Remove DRM and you remove the lock-in aspects of the Apple model. This is fine for someone like me who actually doesn't mind being locked into Apple products (like I mind having to use the best media player around :cheeky: )

 

So perhaps Jobs has seen the light, but I'd be surprised.

 

The biggest threat to his model now are new services from the likes of Microsoft that use a subscription model that allows consumers to eat all they can; this means they can re-download all the music they previously bought from the likes of Apple without having to pay for them again (directly).

Yes and No ....

First a lot of countries are legislating againt iTunes type services where its locked to a player, secondly, it really can't work for copy protection while you can still make a CD and if you can't its less attractive to a lot of people.

iPod has already become synonimus with MP3 players... especially in popular culture and Apple will always be regarde as "The original" but the iTunes thing has put some people off so they lose some market share over this.

 

This is fine for someone like me who actually doesn't mind being locked into Apple products (like I mind having to use the best media player around :cheeky: )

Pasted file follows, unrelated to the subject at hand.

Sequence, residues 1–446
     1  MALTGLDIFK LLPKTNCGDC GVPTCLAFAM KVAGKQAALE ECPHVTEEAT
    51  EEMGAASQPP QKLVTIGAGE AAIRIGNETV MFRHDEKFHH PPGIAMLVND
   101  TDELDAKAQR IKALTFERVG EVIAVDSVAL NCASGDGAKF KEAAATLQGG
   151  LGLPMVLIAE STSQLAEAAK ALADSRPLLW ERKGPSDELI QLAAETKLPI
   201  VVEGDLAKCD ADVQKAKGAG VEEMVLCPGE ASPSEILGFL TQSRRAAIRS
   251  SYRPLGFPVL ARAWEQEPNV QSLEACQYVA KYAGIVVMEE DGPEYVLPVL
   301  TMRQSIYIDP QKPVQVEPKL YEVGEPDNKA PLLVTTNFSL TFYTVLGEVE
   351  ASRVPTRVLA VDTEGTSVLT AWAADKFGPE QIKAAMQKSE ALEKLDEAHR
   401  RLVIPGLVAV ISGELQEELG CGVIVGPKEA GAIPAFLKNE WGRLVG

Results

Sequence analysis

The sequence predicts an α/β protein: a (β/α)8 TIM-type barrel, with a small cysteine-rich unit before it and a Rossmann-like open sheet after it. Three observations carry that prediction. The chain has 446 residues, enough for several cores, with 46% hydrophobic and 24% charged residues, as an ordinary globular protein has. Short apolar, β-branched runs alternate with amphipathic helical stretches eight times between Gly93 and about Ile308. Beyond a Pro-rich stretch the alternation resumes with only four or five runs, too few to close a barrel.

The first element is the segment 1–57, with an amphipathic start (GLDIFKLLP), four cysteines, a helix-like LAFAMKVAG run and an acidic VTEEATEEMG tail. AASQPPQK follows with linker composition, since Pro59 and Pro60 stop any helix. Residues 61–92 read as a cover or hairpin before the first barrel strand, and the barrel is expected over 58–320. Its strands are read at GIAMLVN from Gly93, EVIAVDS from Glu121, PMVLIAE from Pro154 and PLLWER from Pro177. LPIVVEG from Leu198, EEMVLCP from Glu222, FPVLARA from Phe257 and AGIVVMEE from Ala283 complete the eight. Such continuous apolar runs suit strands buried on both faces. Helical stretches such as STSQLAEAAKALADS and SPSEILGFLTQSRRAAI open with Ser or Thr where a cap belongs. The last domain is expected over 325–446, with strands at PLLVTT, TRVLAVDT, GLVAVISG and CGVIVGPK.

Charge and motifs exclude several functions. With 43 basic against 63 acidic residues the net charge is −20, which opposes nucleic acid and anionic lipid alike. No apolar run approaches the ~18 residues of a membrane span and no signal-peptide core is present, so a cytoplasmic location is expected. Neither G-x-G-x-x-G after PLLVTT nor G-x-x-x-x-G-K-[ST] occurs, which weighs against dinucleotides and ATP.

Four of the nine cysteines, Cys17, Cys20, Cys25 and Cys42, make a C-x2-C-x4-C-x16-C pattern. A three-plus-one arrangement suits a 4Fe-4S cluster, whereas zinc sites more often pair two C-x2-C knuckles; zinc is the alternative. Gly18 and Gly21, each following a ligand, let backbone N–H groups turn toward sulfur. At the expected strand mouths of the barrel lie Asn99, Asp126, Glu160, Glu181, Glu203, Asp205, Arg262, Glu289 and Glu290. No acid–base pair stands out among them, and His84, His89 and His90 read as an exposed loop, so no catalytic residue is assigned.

As was put on the other thread... its only a lock-in if you can't burn a CD... the thing is its lock-in by making it difficult not because you can't copy and re-rip.

But I don't mind so much being locked-in through it being the best product, I mind being locked in by design which I feel is different.

I'm not sure you can say iPod is "the best" either. Its certainly technically very nice and well built, but its also very expensive for what it does. You can buy something equivalent to a $500 iPod for <$100, its not so well built, the battery life probably sucks etc. but if you take price into account then the Apples are well built but over priced.